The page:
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Latitude: 53.2449 / 53°14'41"N
Longitude: -3.5 / 3°30'0"W
OS Eastings: 300001
OS Northings: 373038
OS Grid: SJ000730
Mapcode National: GBR 4Z0X.1H
Mapcode Global: WH65H.6PLR
Entry Name: Plas Newydd
Listing Date: 6 October 1952
Last Amended: 2 June 1998
Source ID: 153
Building Class: Domestic
Location: Strikingly located on a rocky rise some 1.6km NW of Cefn Meiriadog village; located immediately W of the lane running NW from Cefn Meiriadog to Glascoed.
Town: St Asaph
Locality: Groesffordd Marli
Traditional County: Denbighshire
Fine Elizabethan storeyed gentry house; built in 1583 for Ffoulk ap Robert (1540-1607) and his wife Grace Holland and twice dated. Apart from the replacement of the former wooden newel stair with a shaped-balustered staircase in the third-quarter C17, the reduction of one chimney and the relocation of an important post-and-panel screen to the Welsh Folk Museum at St Fagans, the house remains (in plan-form and external appearence) largely unaltered. It represents a particularly stylish and sophisticated version of the vernacular storied end-chimney, cross-passage house-type, most popularly adopted during this period by the North Walian gentry caste. In addition to the end chimneys (that at the parlour end serving the attic floor only) the house has an additional lateral chimney serving the hall and upper parlour or solar above, a feature typical of the earlier of this class of houses. The most curious (and seemingly unparallelled) aspect of the design is that the kitchen bay is raised up by about a metre, with a cellar below and with the corresponding first-floor chamber similarly stepped-up. It seems that this elevation of floor-levels at the service end was probably necessitated by the inclusion of a rock-cut cellar which would otherwise have had minimal head-room rendering it impracticable. The kitchen has its own external entrance, accessed via a raised, stepped platform to the L of the main cross-passage entrance. However, despite its vernacular character, the inclusion of large stone mullioned and transomed windows to the main rooms and two generous gabled dormers to the attic floor (one dated) suggest an emulation of more polite domestic architecture beyond the ambition of most houses of this date and context. An early C19 single-storey service range runs parallel with the main house and is connected to it by a low modern link block.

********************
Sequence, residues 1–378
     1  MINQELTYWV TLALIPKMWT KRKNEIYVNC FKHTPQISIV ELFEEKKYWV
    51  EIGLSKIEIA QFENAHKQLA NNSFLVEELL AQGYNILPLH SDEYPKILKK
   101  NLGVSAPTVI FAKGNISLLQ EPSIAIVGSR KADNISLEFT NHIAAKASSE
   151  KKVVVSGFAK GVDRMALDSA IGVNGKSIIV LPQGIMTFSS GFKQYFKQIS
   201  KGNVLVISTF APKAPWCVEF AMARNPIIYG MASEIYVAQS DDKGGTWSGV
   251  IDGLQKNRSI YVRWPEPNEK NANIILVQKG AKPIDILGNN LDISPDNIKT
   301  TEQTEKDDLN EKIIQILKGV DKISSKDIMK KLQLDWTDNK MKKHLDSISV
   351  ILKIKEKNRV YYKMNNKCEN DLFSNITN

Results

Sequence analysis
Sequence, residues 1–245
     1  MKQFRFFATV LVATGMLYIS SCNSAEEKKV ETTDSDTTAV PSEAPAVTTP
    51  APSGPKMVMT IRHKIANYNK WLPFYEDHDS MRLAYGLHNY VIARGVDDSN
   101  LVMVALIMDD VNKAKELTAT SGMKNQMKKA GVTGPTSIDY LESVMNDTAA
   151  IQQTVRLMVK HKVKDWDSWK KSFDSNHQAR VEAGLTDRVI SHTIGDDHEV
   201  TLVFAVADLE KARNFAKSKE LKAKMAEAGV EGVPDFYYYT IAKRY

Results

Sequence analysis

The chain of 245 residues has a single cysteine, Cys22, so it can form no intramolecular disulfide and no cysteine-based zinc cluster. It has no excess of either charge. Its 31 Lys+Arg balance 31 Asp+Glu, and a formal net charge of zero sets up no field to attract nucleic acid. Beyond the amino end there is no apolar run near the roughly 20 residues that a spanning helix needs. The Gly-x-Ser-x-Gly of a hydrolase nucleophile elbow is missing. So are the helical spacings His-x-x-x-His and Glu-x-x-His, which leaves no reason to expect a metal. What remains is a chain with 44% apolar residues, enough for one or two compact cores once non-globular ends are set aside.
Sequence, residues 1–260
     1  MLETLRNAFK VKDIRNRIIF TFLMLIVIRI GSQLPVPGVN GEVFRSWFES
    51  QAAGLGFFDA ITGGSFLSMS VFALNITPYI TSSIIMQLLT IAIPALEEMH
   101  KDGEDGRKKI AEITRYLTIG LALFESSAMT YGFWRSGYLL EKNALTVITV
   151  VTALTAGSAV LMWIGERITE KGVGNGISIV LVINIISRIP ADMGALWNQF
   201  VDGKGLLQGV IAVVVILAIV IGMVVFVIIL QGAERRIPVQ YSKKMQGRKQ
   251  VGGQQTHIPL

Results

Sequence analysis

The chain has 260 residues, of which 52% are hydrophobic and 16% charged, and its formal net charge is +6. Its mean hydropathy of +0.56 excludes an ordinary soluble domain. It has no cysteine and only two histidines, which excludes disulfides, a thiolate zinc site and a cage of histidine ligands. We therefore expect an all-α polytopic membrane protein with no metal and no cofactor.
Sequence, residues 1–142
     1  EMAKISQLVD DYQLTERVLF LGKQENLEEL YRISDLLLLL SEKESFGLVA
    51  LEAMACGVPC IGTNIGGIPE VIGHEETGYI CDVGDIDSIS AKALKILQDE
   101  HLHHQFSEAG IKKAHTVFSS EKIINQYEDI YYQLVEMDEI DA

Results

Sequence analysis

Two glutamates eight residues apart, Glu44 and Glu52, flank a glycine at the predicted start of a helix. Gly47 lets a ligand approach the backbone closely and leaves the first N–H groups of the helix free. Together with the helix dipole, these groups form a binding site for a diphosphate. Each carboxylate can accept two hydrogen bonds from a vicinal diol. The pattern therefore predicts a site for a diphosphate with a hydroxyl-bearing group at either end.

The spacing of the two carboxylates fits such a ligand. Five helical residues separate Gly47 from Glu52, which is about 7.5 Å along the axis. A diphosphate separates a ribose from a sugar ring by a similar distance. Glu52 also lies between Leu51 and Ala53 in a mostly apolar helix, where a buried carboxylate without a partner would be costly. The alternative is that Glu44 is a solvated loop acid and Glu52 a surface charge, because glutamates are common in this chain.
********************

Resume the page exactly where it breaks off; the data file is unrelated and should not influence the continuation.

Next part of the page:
Large storeyed end-chimney house with further, lateral chimney incorporating a now reduced stair projection, forming an L-plan with the main block; constructed of squared local limestone blocks with finely-tooled quoins, built on rock foundations (partly exposed). The original rubble gable parapets have been removed, as have those to the dormers, although the original half-round eaves moulding and double kneelers survive; slate roof with tiled ridge. Tall primary chimneys to R and rear, that to the L reduced by half, probably in the late C19. The garden (S) side has a round-headed entrance to R of centre with small square light to L with chamfered reveals; above this is a 3-light mullioned window. To the R there are further 3-light mullioned windows to the ground and first floors with 2-light windows to the cellar and attic, that to the latter contained within a large gabled and kneelered dormer. To the L are large 4-light mullioned and transomed windows to the ground and first floors, with a dormer above, as before. 3-light ground-floor and 2-light first-floor window to the far L. The E and W gables have small contemporary single and double light windows to the upper floors, the latter with further 2-light and 3-light windows to the ground floor. The E gable has a projecting rock/rubble plinth with a privy outlet at dado height with projecting stone trough.